In a February 2009 speech, newly inaugurated President Barack Obama promised the faithful that come August 31, 2010 he would end combat operations for U.S Troops in Iraq, just in time for the mid-term elections.
In the interest of accuracy, Obama did not exactly say “just in time for the mid-term elections.” I added that. He just thought it.
And sure enough, when August 31, 2010, rolled around, Obama proudly announced in his Oval Office speech, “The American combat mission in Iraq has ended.” For a guy who could make the planet heal and the oceans stop rising, this was no biggie.
Obama first went public in his opposition six months before the war started in his bellwether October 2002 speech at an impromptu rally staged by the Chicagoans Against the War in Iraq.
In 2008, Obama would tell Rick Warren at his Saddleback forum that he “was firmly convinced [in 2002] that we did not have strong evidence of weapons of mass destruction.”
This point would have delighted Chicago’s anti-war crowd had he made it, but he did not. In October 2002, Obama conceded that Saddam “butchers his own people” and has “developed chemical and biological weapons and coveted nuclear capacity.”
Despite the WMDs, Obama dismissed the impending war as “dumb.” He saw it as the result of “a cynical attempt by Richard Perle and Paul Wolfowitz,” the only two officials in the defense hierarchy cited, both Jews, “to shove their own ideological agendas down our throats.”
Aiding and abetting the neo-cons, of course, was the inevitable Karl Rove. As Obama told it, Rove was banging the war drum to distract America from, among other things, “a stock market that has just gone through the worst month since the Great Depression.”
In reality, the Dow Jones had been fairly flat since July 2002 and would gain more than 10 percent in that very October of Obama’s discontent. “Worst” months would be of his own making.
In his 2006 book, Audacity of Hope, Obama repeated the claim that the “administration’s rationales for war were flimsy and ideologically driven.”
So imagine how shocked his supporters must have been to learn Tuesday that “no one could doubt President Bush’s support for our troops, or his love of country and commitment to our security.”
Our progressive friends also heard from Obama that America actually had “coalition partners who made huge sacrifices.” In Audacity and on the campaign trail, Obama had repeatedly scolded Bush for his “precipitous, unilateral military action.”
Obama also noted that America and its partners, including the Iraqis, were fighting “Al Qaeda,” and that we “took out”—as Obama so primly put it– “much of its leadership.”
This had to come as news to the left as well. In Audacity, Obama assured his fans that war against Al Qaeda met his standard for a justifiable war, but that attacking “Iraq under Saddam Hussein did not meet this standard, which is why our invasion was such a strategic blunder,” especially in that we acted “unilaterally.”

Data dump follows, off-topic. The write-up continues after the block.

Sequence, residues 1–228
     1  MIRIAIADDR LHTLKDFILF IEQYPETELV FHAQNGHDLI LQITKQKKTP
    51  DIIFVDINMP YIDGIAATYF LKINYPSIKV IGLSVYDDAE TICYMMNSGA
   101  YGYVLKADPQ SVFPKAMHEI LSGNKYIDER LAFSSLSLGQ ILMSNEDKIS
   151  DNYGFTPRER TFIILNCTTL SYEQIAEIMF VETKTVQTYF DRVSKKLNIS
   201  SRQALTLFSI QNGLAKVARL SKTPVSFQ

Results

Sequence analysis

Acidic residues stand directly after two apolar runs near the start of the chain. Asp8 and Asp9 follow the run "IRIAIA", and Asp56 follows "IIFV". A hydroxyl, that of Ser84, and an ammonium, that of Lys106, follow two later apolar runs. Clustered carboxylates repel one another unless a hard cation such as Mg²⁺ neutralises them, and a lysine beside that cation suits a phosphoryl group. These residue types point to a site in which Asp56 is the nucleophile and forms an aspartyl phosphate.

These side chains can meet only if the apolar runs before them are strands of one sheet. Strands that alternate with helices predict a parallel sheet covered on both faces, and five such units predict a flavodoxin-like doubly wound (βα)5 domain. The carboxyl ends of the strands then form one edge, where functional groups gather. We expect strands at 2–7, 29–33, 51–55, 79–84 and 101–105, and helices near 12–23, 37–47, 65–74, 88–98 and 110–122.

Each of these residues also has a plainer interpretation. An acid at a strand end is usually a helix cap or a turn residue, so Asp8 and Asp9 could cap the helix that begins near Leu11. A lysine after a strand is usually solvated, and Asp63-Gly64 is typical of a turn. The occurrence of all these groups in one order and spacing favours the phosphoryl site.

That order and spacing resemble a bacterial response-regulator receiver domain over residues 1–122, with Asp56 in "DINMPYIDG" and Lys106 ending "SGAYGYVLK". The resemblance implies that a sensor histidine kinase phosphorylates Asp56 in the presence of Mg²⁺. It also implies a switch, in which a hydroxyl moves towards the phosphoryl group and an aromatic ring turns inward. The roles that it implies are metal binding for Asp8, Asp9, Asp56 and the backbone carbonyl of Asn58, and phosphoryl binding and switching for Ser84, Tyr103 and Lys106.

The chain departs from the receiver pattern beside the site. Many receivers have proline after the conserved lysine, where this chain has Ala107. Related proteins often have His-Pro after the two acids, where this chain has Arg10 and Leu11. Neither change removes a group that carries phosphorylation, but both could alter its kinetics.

Even more shockingly, Obama’s progressive friends learned that those who died did do not so in vain but rather as an expression of “the values that have lived in the hearts of our people for over two centuries.” And as a result, they “helped the Iraqi people seek the light of peace.”
In Audacity, Obama called the war “a botched and ill-advised U.S. military incursion into a Muslim country.” He lumped this in with other American efforts “that ignore the legitimate aspirations of other peoples, undermine our own credibility, and make for a more dangerous world.”
In the course of his Tuesday speech, Obama referred to the “surge” only once and that in reference to Afghanistan. He did not once credit it with the fact that there was still an Iraq to withdraw from.
Nor did he say, “Remember when I said, ‘20,000 troops aren’t going to do anything to increase security– I oppose the surge,’ or when Nancy said, ‘The surge has failed,’ or when Harry said, ‘The war is lost,’ well, we were just kidding.”
The troops still left in Iraq don’t appreciate jokers. They just wish they had a commander-in-chief they could trust.
A very recent letter from a family friend, a West Point grad, expresses some of their frustration.
“Dear Dad,” it begins as do so many such letters. “I am still extremely disgusted after watching all of the news reports regarding the last combat troops pulling out of Iraq–it’s such a crock. It is honestly first-hand proof of a liberal news-media attempting to propagate a pro-Obama agenda.”
After citing one attack on his friends and comrades after another, this officer concludes, “I would love to hear some liberal media chump try to tell me that my platoon consisting of 3 Mine Resistant Ambush Protected (MRAP) vehicles and 8 up-armored Humvees all with loaded .50 caliber machine guns is not a combat force.”
He adds, “Enough of that, it makes me mad just writing about it.”
Jack Cashill is the author of numerous books which reveal key elements in our society and its crises, his latest being Popes & Bankers: A Cultural Study of Credit and Debit from Aristotle to AIG.
He is also an independent writer and producer, and has written for Fortune, The Wall Street Journal, The Washington Post, The Weekly Standard, American Thinker, and regularly for WorldNetDaily. Jack may be contacted at Cashill.com.
This article was originally published in WorldNetDaily.